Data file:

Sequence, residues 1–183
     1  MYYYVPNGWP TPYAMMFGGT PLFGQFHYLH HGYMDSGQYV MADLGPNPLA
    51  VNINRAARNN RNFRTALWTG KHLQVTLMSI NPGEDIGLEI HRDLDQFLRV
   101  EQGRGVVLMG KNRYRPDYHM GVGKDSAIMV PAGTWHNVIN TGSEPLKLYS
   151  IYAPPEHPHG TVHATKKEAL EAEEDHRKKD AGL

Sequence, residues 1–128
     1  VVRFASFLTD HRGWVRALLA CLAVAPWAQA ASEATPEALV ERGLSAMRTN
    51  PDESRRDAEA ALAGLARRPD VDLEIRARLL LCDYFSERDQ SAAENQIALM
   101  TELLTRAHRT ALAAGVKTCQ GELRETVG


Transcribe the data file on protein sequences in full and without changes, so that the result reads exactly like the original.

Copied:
Sequence, residues 1–183
     1  MYYYVPNGWP TPYAMMFGGT PLFGQFHYLH HGYMDSGQYV MADLGPNPLA
    51  VNINRAARNN RNFRTALWTG KHLQVTLMSI NPGEDIGLEI HRDLDQFLRV
   101  EQGRGVVLMG KNRYRPDYHM GVGKDSAIMV PAGTWHNVIN TGSEPLKLYS
   151  IYAPPEHPHG TVHATKKEAL EAEEDHRKKD AGL

Sequence, residues 1–128
     1  VVRFASFLTD HRGWVRALLA CLAVAPWAQA ASEATPEALV ERGLSAMRTN
    51  PDESRRDAEA ALAGLARRPD VDLEIRARLL LCDYFSERDQ SAAENQIALM
   101  TELLTRAHRT ALAAGVKTCQ GELRETVG